Tencent & Supercell – Mix of clans

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Integration with China not critical but it is elsewhere. 

  • Tencent has announced that it is leading a buyout of Supercell but the structure of the transaction raises questions as to whether Tencent will be able to earn a good return on its investment.
  • Tencent is establishing a 100% owned consortium which will acquire an 84% stake in Supercell at a valuation of $10.2bn.
  • This represents the entirety of Softbank’s holding in Supercell as well as some of the shares that are currently owned by the employees of Supercell.
  • Tencent is leading this transaction and expects that other investors will join it as consortium members but its holding will not decrease below 50%.
  • Supercell will remain wholly independent from Tencent and will continue to manage its own business but will have access to Tencent’s expertise as well as its user base.
  • This independence is so great that Tencent will not consolidate the financial performance of the consortium even though it has a majority investment in it.
  • While this is great for those at Supercell that want life to carry on in the way that it has do date, it raises further concerns with regards to Tencent’s understanding of how to build an ecosystem.
  • Tencent has the best coverage of Digital Life in China (77%) and scores the best globally but when it comes to RFM’s Laws of Robotics it does not fare so well.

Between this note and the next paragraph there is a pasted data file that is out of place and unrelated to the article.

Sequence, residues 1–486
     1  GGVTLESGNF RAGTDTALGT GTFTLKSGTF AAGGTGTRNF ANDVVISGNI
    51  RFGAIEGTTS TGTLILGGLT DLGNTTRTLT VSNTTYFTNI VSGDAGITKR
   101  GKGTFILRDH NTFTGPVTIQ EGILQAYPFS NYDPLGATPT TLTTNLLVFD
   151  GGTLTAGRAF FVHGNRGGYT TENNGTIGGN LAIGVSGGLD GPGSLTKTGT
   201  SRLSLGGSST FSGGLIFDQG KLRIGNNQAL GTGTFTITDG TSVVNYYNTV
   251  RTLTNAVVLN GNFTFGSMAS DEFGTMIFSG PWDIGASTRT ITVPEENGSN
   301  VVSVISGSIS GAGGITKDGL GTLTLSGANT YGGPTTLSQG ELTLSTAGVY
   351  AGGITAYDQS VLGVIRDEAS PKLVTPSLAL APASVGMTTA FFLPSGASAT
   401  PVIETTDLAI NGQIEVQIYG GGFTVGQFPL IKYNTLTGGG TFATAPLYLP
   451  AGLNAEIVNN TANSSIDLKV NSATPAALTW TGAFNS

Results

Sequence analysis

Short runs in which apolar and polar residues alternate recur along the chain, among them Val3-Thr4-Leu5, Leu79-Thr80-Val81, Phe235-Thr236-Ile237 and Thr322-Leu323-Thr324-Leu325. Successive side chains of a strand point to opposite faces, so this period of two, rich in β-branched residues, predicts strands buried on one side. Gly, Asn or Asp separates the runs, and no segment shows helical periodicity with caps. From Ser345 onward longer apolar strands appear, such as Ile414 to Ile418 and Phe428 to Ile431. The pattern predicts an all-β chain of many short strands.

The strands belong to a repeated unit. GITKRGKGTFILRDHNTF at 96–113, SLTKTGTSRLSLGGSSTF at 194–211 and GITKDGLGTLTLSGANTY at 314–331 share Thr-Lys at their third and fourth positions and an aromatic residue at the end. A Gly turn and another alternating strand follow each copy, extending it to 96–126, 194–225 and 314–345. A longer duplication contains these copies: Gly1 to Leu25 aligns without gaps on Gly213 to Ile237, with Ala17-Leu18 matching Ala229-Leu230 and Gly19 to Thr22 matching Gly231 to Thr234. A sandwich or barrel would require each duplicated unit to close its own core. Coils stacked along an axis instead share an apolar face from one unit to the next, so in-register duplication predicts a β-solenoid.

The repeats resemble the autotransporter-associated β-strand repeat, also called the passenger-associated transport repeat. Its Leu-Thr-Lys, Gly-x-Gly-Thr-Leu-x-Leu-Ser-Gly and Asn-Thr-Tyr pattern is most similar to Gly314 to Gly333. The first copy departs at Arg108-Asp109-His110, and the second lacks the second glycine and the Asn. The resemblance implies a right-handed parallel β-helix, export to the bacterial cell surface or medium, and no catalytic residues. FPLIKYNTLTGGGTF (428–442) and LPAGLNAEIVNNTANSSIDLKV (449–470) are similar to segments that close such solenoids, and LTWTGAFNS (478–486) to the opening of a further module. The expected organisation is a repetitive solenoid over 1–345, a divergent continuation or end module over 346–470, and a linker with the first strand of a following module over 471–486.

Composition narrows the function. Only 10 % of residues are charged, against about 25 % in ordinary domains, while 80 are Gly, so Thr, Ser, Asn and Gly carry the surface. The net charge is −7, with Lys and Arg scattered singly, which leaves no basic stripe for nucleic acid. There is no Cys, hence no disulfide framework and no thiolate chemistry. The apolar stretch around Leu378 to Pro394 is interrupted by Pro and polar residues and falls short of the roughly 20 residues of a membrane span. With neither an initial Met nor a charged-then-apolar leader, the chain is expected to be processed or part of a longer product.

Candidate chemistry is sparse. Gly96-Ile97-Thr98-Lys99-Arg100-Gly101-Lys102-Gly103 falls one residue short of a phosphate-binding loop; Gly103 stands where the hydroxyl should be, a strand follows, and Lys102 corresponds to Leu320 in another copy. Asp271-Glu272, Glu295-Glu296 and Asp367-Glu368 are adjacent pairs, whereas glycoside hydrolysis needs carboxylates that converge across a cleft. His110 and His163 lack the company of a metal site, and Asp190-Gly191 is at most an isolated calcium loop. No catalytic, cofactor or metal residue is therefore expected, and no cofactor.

• This is because RFM research indicates that Tencent has not fully taken on board what is required to really build a thriving ecosystem as opposed to series of discrete services.
  • Consequently, when ecosystems acquire Digital Life services to round out their portfolios of services, they really need to be fully integrated to offer the maximum potential for a return.
  • However, Tencent’s situation here is unusual.
  • I see Supercell as Tencent’s strategy to expand overseas and given that very little of Tencent’s existing portfolio is relevant overseas, integration of Chinese assets with Supercell is not important.
  • The real upside for Tencent from this transaction is for Supercell to become the basis of an ecosystem strategy outside of China.
  • Gaming is a great place to start as in developed markets, the segment is completely wide open as Microsoft, Sony and Amazon have not been able to convert their gaming communities to mobile.
  • This fact has not escaped Activision and this is why I think it acquired King Digital (see here).
  • I think that in order to really make a return on this investment Tencent will need to build on the success that Supercell has had in developed markets.
  • This include creating a deep and rich community around Supercell’s 100m daily active users with more games or other Digital Life services.
  • These could be added into the consortium and it is not impossible to imagine new partners contributing their assets in return for a share of the consortium over all.
  • The caveat here is that within the consortium asset integration will be of paramount importance and I don’t see this level of rigour within Tencent’s own Chinese ecosystem let alone a consortium that it claims not to control.
  • Hence, the consortium will need to operate with laser focus and execution to create real value outside of China.
  • Given the performance of other industry consortia to date, I have doubts as whether this will be achieved.
  • This is why I see more upside in Baidu, as I think Baidu understands these issues much better than Tencent does and as a result is likely to derive the most value from its ecosystem.
  • I continue to prefer Baidu, Samsung and Microsoft over Google, Amazon and Twitter.
  • Tencent, Facebook and Apple all have upside but face hurdles to overcome before that value can be fully realised.